"Newly formed mega-companies face scrutiny among analysts"—one of the stories that grace our newly redesigned front cover this month—reveals a diversity of opinion on whether the one-stop component shop remains a good idea, or at least on whether companies will have to be large to make serious money when the market completes its turnaround. In my opinion, several factors point to a healthy future for well-positioned companies that don't try to become component superstores.
Certainly the convenience and product quality today's über-companies offer should remain appealing; I'm not about to suggest that manufacturers such as Avanex, Bookham Technology, JDS Uniphase, and Triquint (which has kept a very low profile since it acquired the optical product lines of Agere Systems, but whose potential should not be forgotten) face imminent ruin. However, the flip side of offering a broad product range is that these companies must maintain that range during what remains of the industry's current recession. Avanex is still sorting through its new assets, and one can assume Triquint is doing the same. Meanwhile, JDS and Bookham have trudged through the current economic desert with very thick product catalogs on their backs. While many of us expect the market to show significant signs of life next year, it's not as if optical optimists possess a sterling track record. Even if we're right, the extent of that renewed life and the timing of its arrival remain uncertain. Thus, all four companies face hard decisions going into 2004 as they weigh the resources needed to maintain every item in their expansive product portfolios against the revenues they expect each line to generate. My bet is that some of these mega-companies won't be quite so "mega" at this time next year.
Naturally, the more product lines the big companies drop, the more opportunity appears for smaller players. You can also expect the smaller companies to use each discontinued product line as a counterpoint to the notion that "big companies are more stable than small ones." Big companies may indeed be stable, the lower-tier companies will suggest—but their commitment to certain product lines may not.
Occupation of ceded territory represents only one avenue to success for companies with comparatively narrow product rosters. Low-cost manufacture is another. As Tom Hausken of Strategies Unlimited opines, watch for Asian companies in particular to pursue this route. The higher volumes for a component category become (whatever "high volume" means in this business), the more slippery the slope toward commodity status. And, of course, the most significant differentiator among commodity offerings is price. We can expect large Western companies to combat this by continuing to explore offshore production; however, Asian competitors in general should get the upper hand. Keep in mind as well that comparatively lax intellectual property safeguards may make some components "commodities" before their time.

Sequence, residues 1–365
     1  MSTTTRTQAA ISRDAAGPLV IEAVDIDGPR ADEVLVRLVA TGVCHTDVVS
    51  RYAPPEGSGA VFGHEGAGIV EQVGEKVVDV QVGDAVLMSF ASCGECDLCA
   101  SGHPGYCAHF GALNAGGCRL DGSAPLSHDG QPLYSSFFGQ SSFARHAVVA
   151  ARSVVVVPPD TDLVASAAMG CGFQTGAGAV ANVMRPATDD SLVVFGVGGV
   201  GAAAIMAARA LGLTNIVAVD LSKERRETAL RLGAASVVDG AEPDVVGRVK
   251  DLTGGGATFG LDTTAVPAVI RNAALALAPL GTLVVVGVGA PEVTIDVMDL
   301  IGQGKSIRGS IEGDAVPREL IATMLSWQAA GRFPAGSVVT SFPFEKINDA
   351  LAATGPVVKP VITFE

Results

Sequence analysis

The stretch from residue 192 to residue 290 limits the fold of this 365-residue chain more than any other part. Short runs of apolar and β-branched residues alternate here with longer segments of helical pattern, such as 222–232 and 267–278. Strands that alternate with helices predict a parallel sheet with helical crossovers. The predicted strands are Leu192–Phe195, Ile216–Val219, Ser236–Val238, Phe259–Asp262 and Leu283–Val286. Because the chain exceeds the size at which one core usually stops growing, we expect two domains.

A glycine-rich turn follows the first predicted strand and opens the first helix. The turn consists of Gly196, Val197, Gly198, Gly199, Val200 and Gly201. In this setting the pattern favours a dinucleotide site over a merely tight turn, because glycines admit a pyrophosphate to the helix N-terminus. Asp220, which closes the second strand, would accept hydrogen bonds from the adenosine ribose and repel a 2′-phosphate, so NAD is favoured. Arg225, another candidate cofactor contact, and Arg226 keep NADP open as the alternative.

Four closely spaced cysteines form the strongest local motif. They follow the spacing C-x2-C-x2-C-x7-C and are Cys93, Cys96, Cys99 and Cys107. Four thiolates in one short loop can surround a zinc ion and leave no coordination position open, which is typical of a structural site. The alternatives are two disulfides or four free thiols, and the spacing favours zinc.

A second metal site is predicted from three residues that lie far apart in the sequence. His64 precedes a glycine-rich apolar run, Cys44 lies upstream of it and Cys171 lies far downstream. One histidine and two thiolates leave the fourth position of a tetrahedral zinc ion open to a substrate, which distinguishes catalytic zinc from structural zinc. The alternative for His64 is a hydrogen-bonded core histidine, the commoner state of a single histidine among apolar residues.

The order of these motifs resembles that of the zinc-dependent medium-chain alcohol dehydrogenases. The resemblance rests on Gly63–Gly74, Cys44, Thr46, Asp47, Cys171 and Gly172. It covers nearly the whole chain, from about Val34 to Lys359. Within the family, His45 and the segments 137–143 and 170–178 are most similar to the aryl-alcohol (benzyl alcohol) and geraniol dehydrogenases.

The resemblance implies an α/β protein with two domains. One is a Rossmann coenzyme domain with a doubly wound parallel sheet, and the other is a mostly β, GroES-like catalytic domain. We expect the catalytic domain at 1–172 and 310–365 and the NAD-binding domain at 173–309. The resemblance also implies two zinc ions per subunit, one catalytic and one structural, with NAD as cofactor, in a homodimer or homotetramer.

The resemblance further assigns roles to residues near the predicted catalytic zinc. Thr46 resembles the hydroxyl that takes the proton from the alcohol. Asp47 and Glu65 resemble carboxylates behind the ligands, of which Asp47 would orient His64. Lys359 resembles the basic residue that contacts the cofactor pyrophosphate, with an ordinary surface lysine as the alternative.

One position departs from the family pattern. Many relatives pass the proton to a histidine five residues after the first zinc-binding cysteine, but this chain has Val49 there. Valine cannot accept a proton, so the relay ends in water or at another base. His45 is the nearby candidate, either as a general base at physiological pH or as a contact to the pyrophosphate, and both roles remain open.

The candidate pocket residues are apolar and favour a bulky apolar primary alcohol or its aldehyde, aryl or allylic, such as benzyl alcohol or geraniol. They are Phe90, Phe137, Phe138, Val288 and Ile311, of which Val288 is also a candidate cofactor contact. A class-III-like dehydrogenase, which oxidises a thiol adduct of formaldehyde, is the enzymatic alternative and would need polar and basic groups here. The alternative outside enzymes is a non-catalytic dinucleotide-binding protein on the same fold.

Of course, technical innovation offers another impetus to prosperity—and innovation knows no geographical limits, so the next great idea could come from anywhere. That includes one of the mega-companies, naturally, but focused development houses that truly are "nimble and innovative" can make a lucrative niche for themselves as well.
Companies such as Avanex, Bookham, JDS, and Triquint will continue to cast long shadows in the optical components market. However, not even the tallest trees block all of the sunlight, and we can expect smaller companies to continue to flourish—once the sun starts shining again.
As you may have discovered by now, we have changed more than a few fonts this month. The magazine's structure now reflects our three main areas of coverage: optical communications technology, the application of that technology, and the industry trends and events that affect the first two areas. That's why the table of contents lists three sections: Technology, Applications, and Industry. Each month, you'll see these three topics reflected in the articles that appear on our front page; those articles will continue to the opening pages of their respective sections.
Our new organization reflects our commitment to delivering news and analysis of optical communications technology, applications, and industry trends in each issue of the magazine. And while the sections are new, you'll find that several of the items within them are not. Technology includes our Standards Watch and Tech Trends columns as well as our product coverage. You'll find WDM Solutions on the first page of the Applications section. Meanwhile, Industry is the new home of our Analyst Corner, People, and Calendar columns and departments. Kevin Slocum, our Wall Street & Finance columnist, has decided to retire his pen to concentrate on his new duties in investment banking at SoundView Technology Group. But you can be sure this column will return in our Industry section in the near future.
Naturally, I hope you'll be pleased with the magazine's new look. I invite you to send me comments at email@example.com.